In 1933, when President Franklin Roosevelt created the C.C.C., he was facing, as we are today, the possibility of a lost generation of young people. The conservation-minded president’s idea was to hire young unemployed men for projects in forestry, soil conservation and recreation. By 1942, the 3.4 million participants in “Roosevelt’s Tree Army” had planted more than three billion trees, built hundreds of parks and wildlife refuges and completed thousands of miles of trails and roads.”
In a survey of more than 6,000 consumers in Germany, researchers found that people underestimate the total cost of vehicle ownership by €221 ($240) per month on average. Although they correctly estimated their spending on fuel on average, they “severely” underestimated all other major expenditures, including depreciation, repairs, taxes, and insurance. The misjudgment amounts to 52 percent of the actual costs.
“If people underestimate how much it costs to own a car, they are more likely to own cars, rather than use other, cleaner, modes of transportation,” says Kenneth Gillingham, an associate professor of environmental and energy economics at F&ES and corresponding author of the paper. “And because repair costs are higher for conventional gasoline-powered cars, the underestimation could affect the uptake of electric vehicles as well.”
The researchers suggest that these miscalculations can be used as leverage in creating new policies that promote cleaner transportation choices — for instance, car sharing, alternative-fuel vehicles, public transport, biking or walking.”
“SHINNECOCK NATION, Southampton, N.Y. — A maritime people who once spanned a large swath of the eastern Long Island shore, the Shinnecock Indians have been hemmed into a 1.5-square-mile patch of land on the edge of a brackish bay. Now, because of climate change, they’re battling to hold on to what they have left.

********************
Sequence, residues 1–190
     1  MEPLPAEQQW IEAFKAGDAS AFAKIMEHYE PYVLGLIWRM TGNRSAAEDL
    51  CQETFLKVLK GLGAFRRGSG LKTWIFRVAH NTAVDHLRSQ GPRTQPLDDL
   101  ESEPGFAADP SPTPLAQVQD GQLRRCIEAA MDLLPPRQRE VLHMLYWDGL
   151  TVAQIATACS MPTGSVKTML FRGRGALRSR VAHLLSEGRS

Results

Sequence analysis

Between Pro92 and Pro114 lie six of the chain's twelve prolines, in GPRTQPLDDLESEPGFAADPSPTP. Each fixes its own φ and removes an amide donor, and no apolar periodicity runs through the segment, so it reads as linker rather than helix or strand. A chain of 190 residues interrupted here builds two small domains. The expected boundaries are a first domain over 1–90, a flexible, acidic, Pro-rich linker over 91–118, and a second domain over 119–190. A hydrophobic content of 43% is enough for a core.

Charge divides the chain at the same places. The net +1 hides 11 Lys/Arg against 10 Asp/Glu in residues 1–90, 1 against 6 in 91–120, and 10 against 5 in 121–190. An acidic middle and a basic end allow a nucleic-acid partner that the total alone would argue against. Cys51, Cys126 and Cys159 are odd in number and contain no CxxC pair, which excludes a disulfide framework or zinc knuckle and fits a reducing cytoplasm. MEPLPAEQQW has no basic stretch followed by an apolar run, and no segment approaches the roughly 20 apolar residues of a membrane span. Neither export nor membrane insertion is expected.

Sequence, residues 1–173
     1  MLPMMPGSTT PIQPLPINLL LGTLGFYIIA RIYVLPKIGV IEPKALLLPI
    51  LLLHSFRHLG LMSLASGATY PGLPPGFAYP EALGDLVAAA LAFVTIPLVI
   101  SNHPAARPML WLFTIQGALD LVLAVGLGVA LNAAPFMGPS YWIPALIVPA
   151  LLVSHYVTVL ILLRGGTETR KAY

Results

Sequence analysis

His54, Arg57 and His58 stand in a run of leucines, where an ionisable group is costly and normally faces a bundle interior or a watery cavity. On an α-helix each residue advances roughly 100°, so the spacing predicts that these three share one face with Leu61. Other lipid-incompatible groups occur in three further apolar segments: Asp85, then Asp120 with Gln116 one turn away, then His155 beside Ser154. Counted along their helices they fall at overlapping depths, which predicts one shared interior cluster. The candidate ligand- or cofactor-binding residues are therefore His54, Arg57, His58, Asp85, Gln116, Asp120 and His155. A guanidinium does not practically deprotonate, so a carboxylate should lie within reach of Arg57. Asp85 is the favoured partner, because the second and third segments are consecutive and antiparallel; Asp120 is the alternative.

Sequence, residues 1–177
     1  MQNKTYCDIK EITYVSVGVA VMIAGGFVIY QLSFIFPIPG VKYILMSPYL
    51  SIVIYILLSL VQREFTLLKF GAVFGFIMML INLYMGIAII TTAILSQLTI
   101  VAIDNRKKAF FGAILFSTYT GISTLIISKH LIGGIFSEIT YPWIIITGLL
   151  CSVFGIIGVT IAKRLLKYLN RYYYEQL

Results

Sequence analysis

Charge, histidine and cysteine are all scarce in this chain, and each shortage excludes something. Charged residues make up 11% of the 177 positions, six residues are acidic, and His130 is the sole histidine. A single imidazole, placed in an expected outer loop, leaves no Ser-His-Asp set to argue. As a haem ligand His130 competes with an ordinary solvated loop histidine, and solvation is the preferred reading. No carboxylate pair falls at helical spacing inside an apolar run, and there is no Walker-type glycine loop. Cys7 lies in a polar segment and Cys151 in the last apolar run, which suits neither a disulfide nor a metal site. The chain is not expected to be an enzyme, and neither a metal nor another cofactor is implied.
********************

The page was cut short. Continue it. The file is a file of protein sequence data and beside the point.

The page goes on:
Rising seas are threatening to eat away at the Shinnecock lands. But the tribe is using everything at its disposal to calm the waves and restore a long, slim beach at the edge of Shinnecock Bay: dredged sand, sea grasses, beach grasses, boulders, oyster shells.
It’s a forever battle. Climate change is swelling and heating the world’s oceans at an accelerating pace. Inevitably, the Shinnecock will have to bring more sand to replenish what the rising tide keeps washing away. More grass will have to be planted. This spring, Shavonne Smith, director of the tribe’s environmental department, wants to expand the oyster reef designed to dissipate the energy of the waves.
“We have an inherent responsibility to protect the homeland,” Ms. Smith said on a recent Monday morning walk along the shore. “It’s not the type of thing where you can work against nature. You work with it.” “
Thank you Somini Sengupta and Shola Lawal for a lovely article. The Shinnecock Indians are using nature to fight the rising sea in eastern Long Island, which is important. However, overpopulation and pollution caused by humans are root causes of global warming and the rising sea, according to about 99% of credentialed climatologists. Edward O Wilson of Harvard has written that some scientists think that the right population for the planet is perhaps 4 billion, or approximately half of the 7.6 billion we are at now.